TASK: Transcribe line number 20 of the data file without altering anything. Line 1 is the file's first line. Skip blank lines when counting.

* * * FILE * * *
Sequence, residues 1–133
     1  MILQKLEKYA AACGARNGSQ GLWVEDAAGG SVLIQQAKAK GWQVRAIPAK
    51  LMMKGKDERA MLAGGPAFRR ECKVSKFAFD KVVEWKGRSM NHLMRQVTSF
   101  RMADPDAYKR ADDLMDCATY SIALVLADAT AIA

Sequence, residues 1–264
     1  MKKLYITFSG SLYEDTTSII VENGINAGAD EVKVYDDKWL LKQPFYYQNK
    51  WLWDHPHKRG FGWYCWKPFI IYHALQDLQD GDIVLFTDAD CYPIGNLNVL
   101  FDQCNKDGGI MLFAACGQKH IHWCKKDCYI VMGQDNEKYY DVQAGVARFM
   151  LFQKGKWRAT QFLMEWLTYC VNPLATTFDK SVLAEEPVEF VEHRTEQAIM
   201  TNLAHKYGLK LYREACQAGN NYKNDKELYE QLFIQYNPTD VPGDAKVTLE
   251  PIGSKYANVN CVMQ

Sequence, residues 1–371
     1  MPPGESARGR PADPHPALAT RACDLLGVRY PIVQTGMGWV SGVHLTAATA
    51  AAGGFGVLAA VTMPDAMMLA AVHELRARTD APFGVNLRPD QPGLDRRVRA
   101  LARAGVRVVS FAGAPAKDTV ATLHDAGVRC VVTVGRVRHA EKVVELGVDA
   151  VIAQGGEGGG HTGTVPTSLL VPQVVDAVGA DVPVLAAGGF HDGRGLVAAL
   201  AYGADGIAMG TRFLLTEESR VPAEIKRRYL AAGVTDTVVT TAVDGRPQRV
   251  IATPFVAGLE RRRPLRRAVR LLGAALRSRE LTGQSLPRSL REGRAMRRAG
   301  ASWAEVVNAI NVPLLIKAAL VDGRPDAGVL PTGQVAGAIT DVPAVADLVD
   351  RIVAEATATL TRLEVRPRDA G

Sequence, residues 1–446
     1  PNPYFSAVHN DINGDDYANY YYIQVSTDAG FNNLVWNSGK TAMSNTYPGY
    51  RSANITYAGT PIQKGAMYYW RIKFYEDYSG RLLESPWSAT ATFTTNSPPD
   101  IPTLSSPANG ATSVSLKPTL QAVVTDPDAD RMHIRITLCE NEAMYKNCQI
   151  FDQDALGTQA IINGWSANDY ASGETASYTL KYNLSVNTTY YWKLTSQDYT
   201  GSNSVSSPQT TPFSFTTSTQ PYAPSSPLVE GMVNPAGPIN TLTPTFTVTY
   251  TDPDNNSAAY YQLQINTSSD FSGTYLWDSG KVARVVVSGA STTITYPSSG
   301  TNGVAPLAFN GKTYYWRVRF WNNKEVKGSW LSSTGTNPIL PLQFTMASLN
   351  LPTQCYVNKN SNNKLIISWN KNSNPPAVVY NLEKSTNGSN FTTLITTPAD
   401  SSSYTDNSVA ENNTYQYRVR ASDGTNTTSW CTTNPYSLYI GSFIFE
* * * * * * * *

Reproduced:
   351  RIVAEATATL TRLEVRPRDA G